Yet, given the current geopolitical reality, in which Russia is attempting to reclaim its great power status and China is asserting its right to become another global superpower, attempts to align several huge integration projects might be good just on paper, not in reality.
Inherent obstacles and risks
One of the problems facing the EAEU is that it cannot offer new stakeholders anything of value other than hydrocarbons and security. Unfortunately, the agenda of Russia’s collaboration with the EU and China is very limited; at times, in fact, it appears that each of these geopolitical players is pursuing its own asymmetric interests.
As Evgeny Vinokurov, the director of the European Development Bank’s Center for Integration Studies, points out, the economic interests of the EU and the EAEU (and thus Russia) don’t necessarily coincide, regardless of their energy and trade interdependence. While Europe seeks to get access to the 180 million people in the Eurasian market, its natural resources and, to a certain extent, security, the EAEU badly needs EU innovation, technologies and a visa-free regime, said Vinokurov at the Gaidar Forum on Jan. 13.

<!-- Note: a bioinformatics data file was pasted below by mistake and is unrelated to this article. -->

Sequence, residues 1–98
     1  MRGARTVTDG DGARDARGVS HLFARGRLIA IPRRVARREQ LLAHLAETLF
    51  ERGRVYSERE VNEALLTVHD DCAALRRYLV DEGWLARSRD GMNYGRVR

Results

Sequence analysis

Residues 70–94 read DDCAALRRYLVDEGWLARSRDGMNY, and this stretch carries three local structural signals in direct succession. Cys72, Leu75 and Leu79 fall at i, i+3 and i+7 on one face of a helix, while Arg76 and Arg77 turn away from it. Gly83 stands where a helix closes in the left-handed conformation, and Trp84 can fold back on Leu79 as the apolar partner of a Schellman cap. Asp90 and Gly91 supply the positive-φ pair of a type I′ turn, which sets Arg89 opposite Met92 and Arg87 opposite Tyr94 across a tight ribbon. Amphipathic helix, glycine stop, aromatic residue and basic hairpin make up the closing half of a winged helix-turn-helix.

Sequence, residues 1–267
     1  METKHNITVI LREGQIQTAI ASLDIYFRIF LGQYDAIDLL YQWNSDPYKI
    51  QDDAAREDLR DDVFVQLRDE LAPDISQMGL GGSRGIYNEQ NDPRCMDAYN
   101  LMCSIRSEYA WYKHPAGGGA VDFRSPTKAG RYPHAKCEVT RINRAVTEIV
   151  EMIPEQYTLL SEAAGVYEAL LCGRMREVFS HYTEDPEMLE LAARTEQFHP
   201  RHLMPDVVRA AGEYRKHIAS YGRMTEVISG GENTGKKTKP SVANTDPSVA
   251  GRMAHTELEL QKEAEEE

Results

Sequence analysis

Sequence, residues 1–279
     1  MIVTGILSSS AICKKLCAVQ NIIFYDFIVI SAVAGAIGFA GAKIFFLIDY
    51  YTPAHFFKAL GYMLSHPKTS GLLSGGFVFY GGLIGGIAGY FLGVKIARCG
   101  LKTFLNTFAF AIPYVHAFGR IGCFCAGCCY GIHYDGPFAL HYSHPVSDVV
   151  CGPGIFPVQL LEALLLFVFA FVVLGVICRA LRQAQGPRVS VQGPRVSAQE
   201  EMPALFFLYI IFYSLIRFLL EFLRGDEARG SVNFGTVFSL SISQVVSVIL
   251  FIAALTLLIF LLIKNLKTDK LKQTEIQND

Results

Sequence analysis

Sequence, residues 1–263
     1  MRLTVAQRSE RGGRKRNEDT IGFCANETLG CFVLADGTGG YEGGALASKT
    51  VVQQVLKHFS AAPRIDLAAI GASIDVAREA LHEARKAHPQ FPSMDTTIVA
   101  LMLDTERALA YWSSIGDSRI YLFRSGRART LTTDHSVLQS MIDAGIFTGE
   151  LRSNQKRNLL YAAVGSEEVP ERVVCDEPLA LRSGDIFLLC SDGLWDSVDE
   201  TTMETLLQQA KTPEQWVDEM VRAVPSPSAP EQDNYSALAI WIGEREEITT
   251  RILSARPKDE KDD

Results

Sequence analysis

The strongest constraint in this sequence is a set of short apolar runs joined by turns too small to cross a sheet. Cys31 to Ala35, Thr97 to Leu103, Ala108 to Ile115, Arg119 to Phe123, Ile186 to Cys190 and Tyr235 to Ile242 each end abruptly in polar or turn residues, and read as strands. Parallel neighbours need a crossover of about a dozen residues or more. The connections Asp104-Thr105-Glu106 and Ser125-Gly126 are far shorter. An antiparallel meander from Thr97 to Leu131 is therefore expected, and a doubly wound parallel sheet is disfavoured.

Such asymmetry stems from the economic peculiarities of the stakeholders, with the Russian economic model based primarily on oil and gas exports and the European model on innovation and new technologies.
Likewise, there is a great deal of asymmetry in the goals Beijing and Moscow are pursuing. As experts and economists argued during last year’s international conference organized by the Russian International Affairs Council (RIAC), the model of China-Russia cooperation is outdated, with Russia exporting raw materials like gas and oil and China providing manufactured goods.